Correct - what I said was not a repetition of your words, but my characterization of what I have learned here of your position. I think it is accurate.

    You keep referring to our "egalitarian society" and "our modern western world." I characterize that as "the Spirit of the Age."

    Your version of love I take to be your gut feelings - because you keep on disassociating yourself from any Law, which defines love for our fallen minds. If you toss the Law, all you are left with as the content of your "love" are your warm fuzzy thoughts.

    +HRC

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  39. Prof. Becker,

    I still would like clarification concerning your view of homosexual behavior. Do you believe it to be forbidden by God or no?

    Pastor Ramirez

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  40. Pr. Ramirez,

    I have answered your question already by stating that if I had been asked to sign the letter by the ELCA teaching theologians, I would have signed it.

    But that is a different issue from the one we have been discussing. For the record, I do think that people of good faith, such as those in the NALC, could agree that women may serve as pastors while practicing homosexuals may not. The biblical evidence for the one is more extensive than for the other.

    Matthew Becker

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  41. Matt,

    Once again you are dodging questions. If you want to compare yourself to Luher, and most recently, our Lord Christ, you are going to have to do better than this.

    You have avoided answering clearly both my question and Pastor Ramirez' question to you about homosexuality.

    PTM

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  42. Fr. McCain,

    I'm willing to take Fr. Becker's last comment as clear enough - but then again, like the old lady on Airplane!, I speak Jive. I will translate for you.

    Fr. Becker does not think homosexual acts and desires are immoral. His advocacy of that ELCS document says as much. But people of good will, you see, could still not think so because the case for homosexual behavior isn't quite as strong as that for women's ordination. No person of good will, therefore, could possibly be against women pastors.

    Why is this? Because the book of Romans so very clearly condemns homosexual desire and behavior as sinful - and Romans is one of the few books the establishment NT scholars consider Pauline.

    Therefore, although every book with a Household Code is not Pauline - and even that bit in I Cor is not really Pauline - they want to keep all of Romans intact. So, therefore, the case for homosexual behavior and desire is not as strong as women's ordination: it's harder to cut out the offending texts.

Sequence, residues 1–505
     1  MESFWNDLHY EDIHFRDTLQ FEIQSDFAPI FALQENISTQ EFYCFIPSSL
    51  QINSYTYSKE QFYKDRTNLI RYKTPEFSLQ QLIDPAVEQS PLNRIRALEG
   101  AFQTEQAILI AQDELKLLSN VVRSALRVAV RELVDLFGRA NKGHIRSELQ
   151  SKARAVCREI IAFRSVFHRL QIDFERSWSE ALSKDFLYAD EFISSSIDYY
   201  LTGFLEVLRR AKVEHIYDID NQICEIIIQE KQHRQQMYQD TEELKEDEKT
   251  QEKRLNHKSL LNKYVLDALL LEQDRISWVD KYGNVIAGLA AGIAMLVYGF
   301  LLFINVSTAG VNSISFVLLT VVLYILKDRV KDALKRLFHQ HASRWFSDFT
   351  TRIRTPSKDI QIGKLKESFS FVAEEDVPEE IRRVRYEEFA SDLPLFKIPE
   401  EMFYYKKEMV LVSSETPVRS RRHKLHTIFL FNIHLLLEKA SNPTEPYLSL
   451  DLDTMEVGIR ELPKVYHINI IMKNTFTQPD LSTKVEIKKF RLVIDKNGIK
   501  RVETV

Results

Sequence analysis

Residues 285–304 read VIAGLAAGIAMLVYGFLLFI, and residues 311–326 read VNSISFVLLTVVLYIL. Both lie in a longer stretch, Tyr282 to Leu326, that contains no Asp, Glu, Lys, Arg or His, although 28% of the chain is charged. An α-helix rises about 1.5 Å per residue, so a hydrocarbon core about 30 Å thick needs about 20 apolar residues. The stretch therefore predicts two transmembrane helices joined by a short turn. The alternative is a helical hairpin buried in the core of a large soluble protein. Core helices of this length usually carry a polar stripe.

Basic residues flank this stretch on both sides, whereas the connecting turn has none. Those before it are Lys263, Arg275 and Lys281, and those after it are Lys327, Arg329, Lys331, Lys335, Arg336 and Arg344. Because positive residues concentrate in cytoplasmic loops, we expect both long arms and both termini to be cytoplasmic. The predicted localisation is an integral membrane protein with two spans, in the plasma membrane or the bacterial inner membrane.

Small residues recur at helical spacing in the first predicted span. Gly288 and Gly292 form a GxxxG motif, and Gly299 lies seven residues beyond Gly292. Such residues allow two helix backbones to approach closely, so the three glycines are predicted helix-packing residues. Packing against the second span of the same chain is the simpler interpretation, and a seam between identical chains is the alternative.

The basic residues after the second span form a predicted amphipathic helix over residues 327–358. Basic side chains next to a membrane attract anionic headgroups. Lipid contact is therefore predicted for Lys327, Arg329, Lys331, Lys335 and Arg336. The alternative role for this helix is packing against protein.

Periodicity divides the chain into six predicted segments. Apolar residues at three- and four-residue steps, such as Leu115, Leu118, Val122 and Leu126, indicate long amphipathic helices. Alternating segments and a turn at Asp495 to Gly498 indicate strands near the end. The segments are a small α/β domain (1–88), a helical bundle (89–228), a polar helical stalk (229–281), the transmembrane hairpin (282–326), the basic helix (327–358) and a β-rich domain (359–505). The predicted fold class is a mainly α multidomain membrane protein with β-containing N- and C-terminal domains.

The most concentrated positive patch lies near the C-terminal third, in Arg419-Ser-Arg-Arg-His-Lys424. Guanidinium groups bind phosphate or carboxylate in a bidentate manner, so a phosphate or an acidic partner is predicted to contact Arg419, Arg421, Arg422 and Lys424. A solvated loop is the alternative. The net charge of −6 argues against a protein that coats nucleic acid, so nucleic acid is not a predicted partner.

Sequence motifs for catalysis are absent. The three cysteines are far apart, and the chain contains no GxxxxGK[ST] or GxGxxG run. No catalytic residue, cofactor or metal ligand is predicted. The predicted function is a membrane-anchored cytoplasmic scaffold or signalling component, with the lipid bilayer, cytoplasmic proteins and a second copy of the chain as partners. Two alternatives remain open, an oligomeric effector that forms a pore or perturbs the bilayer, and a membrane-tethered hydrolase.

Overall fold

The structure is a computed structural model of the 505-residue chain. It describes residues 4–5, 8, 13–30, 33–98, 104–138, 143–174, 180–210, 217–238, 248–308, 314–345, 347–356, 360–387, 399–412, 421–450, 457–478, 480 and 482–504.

It took a while for him to get around to it, but now everything falls into place. This is all boilerplate mainline denomination seminary and grad school stuff. Disappointing to find it in Missouri, but no mystery or surprises once you realize what it is.

    +HRC

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  43. Pr. H.C.

    Ah, thanks. Much more clear now.

    Matt, has Pr. H.C. captured your meaning here? Seems so to me, but would like confirmation from you.

    PTM

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  44. And who cares, really, whether a particular passage is by the echt Paul or an editor or interpolator (although I make this as a "datum sed non concessum statement; I am convinced both by the old arguments of JND Kelly in his commentary on the Pastoral Epistles and JAT Robinson's reasons in *Redating the New Testament* that they are Pauline); they are part of the "canonical scriptures" accepted by the Church and are authoritative as such, and not on the basis of a shifting and unstable "scholarly consensus."

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  45. I have a feeling that very soon we are going to see the "I'm much too busy for all of this foolishness, there are souls dying out there, get off of the computer" gambit played by someone.

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  46. they are part of the "canonical scriptures" accepted by the Church and are authoritative as such

    Thanks for making this point, Bill. I was about to comment on this myself.

    Scholarly research into the history and authorship of the Scriptures (and other ancient literature) is interesting and often even important; but it does not change what is and is not Scripture. That which the Church has received, and venerated, prayed, and used as Scripture is Scripture, full stop. Anything else is simply redacting one's own idiosyncratic holy book, a la Marcion.